your standards proposal, eliminated 90% of the customers and 99% of the 
operators from using this band.  Very few people will be able to justify
the 
$500 (probably closer to $1000) installation costs of these systems.
And 
who's going to want another ugly old TV antenna install at their houses?

People are taking down those old ugly 30 to 100' crank up towers beside 
their houses, not putting them back up!

There is NO need for the outdoor only, or minimum antenna height 
requirement.  You say it's needed to help deal with local interference 
issues etc.  But that's not likely the case.  If WE can't hear the 
broadcasting system, neither can anyone else in the area and we'll not 
likely interfere either.  Especially at the very low signal levels you
have 
built into your standard for the incumbent detection mechanism.

I'd be all in favor of a beacon system in which any cpe would be able to

identify the owner of the ap.  Then the people that need to figure out 
anything on a cpe side can come to me to get the data on who's where.
I'll 
already have a name and address, I don't need GPS too.

Speaking of GPS.  Why in the world do you guys think that we can put in
dual 
antenna systems for EVERY customer?  We'll need the rec. antenna AND a
GPS 
one for each cpe under your plan.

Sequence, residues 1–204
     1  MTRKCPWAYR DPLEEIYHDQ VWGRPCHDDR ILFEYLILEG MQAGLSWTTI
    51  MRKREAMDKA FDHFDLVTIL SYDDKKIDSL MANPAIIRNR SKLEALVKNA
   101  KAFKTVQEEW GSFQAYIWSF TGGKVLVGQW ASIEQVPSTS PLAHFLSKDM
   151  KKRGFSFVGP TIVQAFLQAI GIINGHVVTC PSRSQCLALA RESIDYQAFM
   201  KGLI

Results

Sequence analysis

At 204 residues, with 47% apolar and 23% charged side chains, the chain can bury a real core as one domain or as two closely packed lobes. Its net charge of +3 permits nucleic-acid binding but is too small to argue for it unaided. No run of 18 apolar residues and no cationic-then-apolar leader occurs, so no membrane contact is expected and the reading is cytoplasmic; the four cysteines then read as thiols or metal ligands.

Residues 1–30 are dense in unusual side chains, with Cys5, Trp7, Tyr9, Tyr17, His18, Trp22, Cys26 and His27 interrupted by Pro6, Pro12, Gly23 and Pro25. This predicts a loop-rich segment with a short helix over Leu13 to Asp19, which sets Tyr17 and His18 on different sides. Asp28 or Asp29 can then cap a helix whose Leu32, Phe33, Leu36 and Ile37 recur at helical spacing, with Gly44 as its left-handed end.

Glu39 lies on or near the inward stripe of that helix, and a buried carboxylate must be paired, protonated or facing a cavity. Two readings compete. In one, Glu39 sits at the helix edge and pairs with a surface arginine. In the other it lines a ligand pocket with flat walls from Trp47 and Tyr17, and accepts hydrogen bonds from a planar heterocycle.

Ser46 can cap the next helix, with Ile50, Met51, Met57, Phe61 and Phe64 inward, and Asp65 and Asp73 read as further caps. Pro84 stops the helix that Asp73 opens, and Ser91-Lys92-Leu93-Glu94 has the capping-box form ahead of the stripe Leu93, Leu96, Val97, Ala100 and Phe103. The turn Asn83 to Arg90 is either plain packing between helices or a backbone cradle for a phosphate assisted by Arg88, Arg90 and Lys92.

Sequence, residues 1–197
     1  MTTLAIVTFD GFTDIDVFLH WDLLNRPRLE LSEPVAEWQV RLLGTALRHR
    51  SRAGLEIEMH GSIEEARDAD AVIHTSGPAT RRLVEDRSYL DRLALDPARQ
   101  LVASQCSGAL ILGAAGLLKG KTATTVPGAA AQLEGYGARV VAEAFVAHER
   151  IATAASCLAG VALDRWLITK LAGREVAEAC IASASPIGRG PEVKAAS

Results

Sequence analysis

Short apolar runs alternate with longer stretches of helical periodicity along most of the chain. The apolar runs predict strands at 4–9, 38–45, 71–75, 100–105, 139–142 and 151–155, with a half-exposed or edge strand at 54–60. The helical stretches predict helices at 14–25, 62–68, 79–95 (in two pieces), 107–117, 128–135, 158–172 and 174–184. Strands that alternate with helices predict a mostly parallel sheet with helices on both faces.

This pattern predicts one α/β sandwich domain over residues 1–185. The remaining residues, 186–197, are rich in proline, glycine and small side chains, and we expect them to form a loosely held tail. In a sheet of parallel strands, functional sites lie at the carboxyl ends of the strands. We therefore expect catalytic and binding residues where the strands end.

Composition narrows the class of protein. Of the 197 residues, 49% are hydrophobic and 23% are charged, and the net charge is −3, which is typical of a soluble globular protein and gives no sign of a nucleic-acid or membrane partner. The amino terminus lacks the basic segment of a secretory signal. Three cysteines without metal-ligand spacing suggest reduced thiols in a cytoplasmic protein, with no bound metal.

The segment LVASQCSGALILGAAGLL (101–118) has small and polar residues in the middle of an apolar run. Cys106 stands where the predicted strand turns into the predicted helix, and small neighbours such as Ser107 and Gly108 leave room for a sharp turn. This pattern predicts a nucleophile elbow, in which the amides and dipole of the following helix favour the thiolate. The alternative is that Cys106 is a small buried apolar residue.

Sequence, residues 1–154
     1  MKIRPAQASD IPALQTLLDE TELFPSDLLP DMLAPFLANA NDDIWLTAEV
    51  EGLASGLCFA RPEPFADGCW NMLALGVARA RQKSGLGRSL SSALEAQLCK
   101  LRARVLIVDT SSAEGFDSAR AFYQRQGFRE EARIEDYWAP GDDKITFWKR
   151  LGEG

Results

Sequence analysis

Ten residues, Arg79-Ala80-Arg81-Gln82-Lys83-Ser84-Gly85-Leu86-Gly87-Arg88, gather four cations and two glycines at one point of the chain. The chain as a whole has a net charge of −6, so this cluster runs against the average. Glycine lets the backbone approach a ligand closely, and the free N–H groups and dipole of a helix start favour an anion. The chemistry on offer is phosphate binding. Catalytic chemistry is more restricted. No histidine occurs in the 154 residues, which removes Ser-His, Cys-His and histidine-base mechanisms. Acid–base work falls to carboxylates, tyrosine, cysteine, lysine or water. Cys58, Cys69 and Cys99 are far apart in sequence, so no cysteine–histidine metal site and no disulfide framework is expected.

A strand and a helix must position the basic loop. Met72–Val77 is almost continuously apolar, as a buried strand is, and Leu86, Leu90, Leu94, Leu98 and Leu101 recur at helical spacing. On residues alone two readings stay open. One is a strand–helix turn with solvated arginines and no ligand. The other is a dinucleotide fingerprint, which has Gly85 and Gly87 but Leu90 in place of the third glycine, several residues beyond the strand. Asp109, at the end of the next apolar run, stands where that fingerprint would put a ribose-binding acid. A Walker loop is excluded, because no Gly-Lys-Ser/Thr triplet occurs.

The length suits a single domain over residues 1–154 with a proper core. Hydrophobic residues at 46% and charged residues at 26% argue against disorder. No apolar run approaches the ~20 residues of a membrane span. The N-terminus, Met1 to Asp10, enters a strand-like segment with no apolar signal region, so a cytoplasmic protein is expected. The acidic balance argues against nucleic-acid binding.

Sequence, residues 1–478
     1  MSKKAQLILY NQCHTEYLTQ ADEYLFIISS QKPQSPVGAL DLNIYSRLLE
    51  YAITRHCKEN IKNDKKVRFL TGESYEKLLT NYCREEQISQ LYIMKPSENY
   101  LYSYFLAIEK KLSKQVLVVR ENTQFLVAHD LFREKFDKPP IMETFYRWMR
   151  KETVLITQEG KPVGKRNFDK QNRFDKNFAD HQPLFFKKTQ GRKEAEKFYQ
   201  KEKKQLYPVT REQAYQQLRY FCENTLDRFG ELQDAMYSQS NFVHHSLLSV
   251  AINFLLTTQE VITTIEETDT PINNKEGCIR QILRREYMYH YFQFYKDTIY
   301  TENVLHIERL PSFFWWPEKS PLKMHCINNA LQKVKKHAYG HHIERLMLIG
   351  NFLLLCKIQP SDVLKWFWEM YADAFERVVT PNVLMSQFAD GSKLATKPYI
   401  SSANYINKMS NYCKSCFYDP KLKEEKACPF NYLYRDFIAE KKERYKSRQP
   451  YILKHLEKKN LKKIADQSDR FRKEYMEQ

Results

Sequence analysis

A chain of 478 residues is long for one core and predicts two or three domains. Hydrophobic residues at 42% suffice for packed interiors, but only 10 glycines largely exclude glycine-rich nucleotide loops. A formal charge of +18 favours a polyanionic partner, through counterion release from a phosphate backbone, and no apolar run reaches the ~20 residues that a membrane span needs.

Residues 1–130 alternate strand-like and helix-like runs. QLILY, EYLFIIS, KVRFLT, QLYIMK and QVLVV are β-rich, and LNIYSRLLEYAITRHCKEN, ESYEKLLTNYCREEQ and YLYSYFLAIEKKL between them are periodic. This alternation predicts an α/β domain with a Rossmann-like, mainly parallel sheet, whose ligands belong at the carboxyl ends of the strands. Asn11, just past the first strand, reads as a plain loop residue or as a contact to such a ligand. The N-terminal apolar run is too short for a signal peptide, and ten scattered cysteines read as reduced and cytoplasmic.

The spectrum needs to be unlicensed (registered I could live with but
don't 
like it, just more paperwork), it needs to be really inexpensive to
deploy 
and it needs to be totally customizable based on LOCAL conditions.  One
of 
the very reasons to use sub GHz bands is the penetration through trees.
Now 
you guys are suggesting that we get up there over much of the foliage in

EVERY installation?  No thanks.  We'll go high when we need to,
otherwise we 
want to stay out of site, out of the wind and easy to get to when
there's 
snow on the roof!

The Wireless Internet Service Provider's Association will be happy to
help 
you with your standard.  As it is, it looks like this standard was
developed 
by and for companies that are interested in high margin devices rather
than 
high volume devices.  Our industry has plenty of high margin products to

choose from already.  Backhaul products are stable and plentiful. 
Everything from wireless, to copper to fiber is an option in the right 
conditions.  What we need mostly right now is medium speed cheap
products 
that will go through walls and trees etc.  If our customers wanted us to
put 
in towers that would get them up over most of the tree canopy we'd
already 
be doing it.  People want the internet but they aren't willing to pay 
$500 for it in any kind of marketable numbers.

Thank you for you time,

Marlon K. Schafer
WISPA FCC committee chairman
(509) 982-2181   Equipment sales
(408) 907-6910 (Vonage)Consulting services
42846865 (icq)And I run my own wisp!
[EMAIL PROTECTED]
www.odessaoffice.com/wireless
www.odessaoffice.com/marlon/cam



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Re: [WISPA] Boeing Fails to Learn from WISPs

2007-01-29 Thread Mike Ireton


If you've ever been to Las Vegas, check out their monorail sometime and